I have been playing video games since 1978 or so, when Space Invaders hit the scene and caused such a runaway global phenomenon that it actually caused a shortage of 100 yen coins in Japan. (No, really. It did. The Japanese parliament required arcade managers to return their coin haul at least weekly to keep a proper number of coins in circulation, since so many of them were sitting in Space Invaders games.)

It wasn’t long after Space Invaders that video games started landing themselves within the crosshairs of media, concerned parents, social pundits and lawmakers all wondering if this new form of entertainment was causing more harm than good. It is something I have seen come and go many times as I grew up myself, and as I have continued to play video games of one sort or another. The medium has come a long way since those early days, with plenty of games using their unique format to explore deep and compelling artistic and intellectual angles. Others simply seek to divert or to shock. And even though I hate to admit it, there are those that cross the line.

For me, Call of Duty is one of them. It is a first-person shooter, in which you pilot a soldier on a battlefield, gunning down computer opponents and other live players you meet online. The first games of the series were set in WWII, but later installments have been set in the modern day and even the near future. This is one of the true juggernauts of the video game industry, with more than $10 billion in global sales to date and more than 175 million copies sold. You simply cannot talk about modern video games and not be aware of Call of Duty. It’s a bit like talking about modern movies and not being aware of Star Wars. Even if you haven’t seen it, you at least know it’s a thing and its influence is massive. Same thing with video games and Call of Duty.

CoD is perhaps best known as being one of the first truly great multiplayer games out there. You jump in and are fighting with a bunch of perfect strangers, many of whom would take advantage of the anonymity to say some truly awful things to their fellow players. For a while, CoD was the poster child of what you can expect when you get a bunch of kids together in a competitive environment with no social consequences to speak of. There’s a reason why people like me avoided it like the plague. But that is not the big issue I have with it.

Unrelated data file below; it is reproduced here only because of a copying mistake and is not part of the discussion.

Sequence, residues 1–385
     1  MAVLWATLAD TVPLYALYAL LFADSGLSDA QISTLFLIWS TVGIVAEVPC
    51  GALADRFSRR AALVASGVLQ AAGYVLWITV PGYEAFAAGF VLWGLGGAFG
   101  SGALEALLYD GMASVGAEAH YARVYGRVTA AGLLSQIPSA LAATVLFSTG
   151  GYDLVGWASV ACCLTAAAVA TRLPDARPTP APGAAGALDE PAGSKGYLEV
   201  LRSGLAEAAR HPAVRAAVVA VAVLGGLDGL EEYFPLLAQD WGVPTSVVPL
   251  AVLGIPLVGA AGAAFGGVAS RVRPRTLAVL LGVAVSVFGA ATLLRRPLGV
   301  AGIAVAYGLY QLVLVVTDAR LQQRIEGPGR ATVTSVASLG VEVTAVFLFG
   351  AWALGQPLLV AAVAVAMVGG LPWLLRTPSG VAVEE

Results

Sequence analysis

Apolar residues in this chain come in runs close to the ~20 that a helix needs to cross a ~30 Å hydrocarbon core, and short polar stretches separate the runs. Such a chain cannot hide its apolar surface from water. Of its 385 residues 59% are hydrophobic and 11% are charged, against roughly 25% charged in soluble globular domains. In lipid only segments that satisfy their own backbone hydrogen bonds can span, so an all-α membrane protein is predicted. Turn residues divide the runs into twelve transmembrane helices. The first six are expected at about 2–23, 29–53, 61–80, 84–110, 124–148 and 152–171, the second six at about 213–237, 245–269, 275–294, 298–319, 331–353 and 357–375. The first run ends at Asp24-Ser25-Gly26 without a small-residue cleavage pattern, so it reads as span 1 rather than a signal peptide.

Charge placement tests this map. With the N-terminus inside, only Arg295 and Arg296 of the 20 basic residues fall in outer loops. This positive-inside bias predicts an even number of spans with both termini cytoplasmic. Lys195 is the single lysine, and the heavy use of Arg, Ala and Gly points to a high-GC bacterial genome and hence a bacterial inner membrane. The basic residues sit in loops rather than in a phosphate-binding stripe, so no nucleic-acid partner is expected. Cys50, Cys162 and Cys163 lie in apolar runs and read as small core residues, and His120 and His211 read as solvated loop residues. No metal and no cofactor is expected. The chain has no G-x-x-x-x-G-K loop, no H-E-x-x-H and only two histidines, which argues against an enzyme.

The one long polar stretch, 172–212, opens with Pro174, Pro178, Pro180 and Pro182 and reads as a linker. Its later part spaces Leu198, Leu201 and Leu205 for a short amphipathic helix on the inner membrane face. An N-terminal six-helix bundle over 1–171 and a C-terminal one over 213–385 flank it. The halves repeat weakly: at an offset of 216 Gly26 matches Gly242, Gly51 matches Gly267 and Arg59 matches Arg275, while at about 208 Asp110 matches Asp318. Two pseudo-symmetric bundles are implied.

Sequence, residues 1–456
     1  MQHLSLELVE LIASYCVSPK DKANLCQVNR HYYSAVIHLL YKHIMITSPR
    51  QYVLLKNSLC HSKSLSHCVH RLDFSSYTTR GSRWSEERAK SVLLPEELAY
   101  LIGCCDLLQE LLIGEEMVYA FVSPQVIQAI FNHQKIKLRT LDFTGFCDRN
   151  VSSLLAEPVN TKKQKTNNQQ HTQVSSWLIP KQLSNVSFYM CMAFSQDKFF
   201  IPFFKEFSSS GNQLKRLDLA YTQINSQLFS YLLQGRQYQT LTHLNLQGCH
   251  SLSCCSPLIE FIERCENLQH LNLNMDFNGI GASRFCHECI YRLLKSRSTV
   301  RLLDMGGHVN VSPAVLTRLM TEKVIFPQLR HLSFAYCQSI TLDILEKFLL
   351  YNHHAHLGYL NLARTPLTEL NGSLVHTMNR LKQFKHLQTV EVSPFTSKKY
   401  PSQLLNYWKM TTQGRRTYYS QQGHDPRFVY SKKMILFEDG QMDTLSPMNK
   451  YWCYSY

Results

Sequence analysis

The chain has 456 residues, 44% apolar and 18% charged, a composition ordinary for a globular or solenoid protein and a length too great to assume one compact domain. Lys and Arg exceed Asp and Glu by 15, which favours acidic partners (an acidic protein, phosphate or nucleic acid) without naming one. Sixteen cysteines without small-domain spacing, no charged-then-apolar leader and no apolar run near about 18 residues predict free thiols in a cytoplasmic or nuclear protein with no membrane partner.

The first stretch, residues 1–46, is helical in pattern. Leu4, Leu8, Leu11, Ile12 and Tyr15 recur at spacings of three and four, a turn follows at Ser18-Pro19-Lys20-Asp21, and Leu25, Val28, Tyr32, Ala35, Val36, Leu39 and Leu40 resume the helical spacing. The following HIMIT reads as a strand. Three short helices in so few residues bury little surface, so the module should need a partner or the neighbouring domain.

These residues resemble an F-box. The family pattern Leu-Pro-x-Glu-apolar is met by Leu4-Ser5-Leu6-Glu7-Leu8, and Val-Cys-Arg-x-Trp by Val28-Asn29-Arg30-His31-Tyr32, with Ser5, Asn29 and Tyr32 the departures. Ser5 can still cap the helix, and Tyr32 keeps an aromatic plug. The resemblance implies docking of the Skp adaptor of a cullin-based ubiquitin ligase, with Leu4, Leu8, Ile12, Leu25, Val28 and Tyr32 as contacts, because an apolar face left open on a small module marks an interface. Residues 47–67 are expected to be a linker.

There is a lot of violence in video games. I accept that the emotional weight of violence in entertainment depends a lot on portrayal and context. Bugs Bunny dropping an anvil on somebody simply isn’t the same as the pawn shop scene in Pulp Fiction. Likewise, there are violent video games, and there are violent video games. I used to play them all, but when I had kids, I dialed it back significantly, as I just didn’t want to give my kids the wrong impression over what kinds of things are appropriate for u to see as entertaining.

For the most part, this has worked. My son, who is approaching 13, is a hardcore gamer, and he and I have a great understanding on what games are alright for him to play and what games are not. He respects this, much to his credit. And there are a bunch of games I let him play that other parents might not; mainly this is because I play those games, too, and often with my son, so if there’s an issue in this content, I feel that I can talk him through any really hard questions that might arise, or help set a course correction on any behaviors I feel aren’t copacetic.

Call of Duty is our big sticking point, though. My boy really, really wants to play this game. CoD: Black Ops III dropped in November, and was one of the holiday season’s must-have video games. And boy, did he ask for it. He was trying to get on the CoD bandwagon since his birthday, and I kept shutting it down, saying that the game’s violence was too real for my comfort. He kept coming back to this, trying to show me how the most recent game was more science fiction-y in its tone, how the gaming press thought these games were terrific, how the community that played the games had tone down their behavior, etc. None of it worked. And here’s why.

In 2009, developer Infinity Ward and publisher Activision released Call of Duty: Modern Warfare 2. Set in a simmering Cold War between the United States and Russia, the game featured a now-infamous level called “No Russian,” in which the character you play is a deep undercover CIA operative who has infiltrated a Russian terror cell. In this level of the game, the terror cell executes an attack on a crowded airport, and you actually play along as one of the shooters, mowing down unarmed people as they run for cover and scream for help. The level is an optional level; there is a warning that it contains potentially offensive material, and that the player will not be penalized for skipping it. Did they want to continue?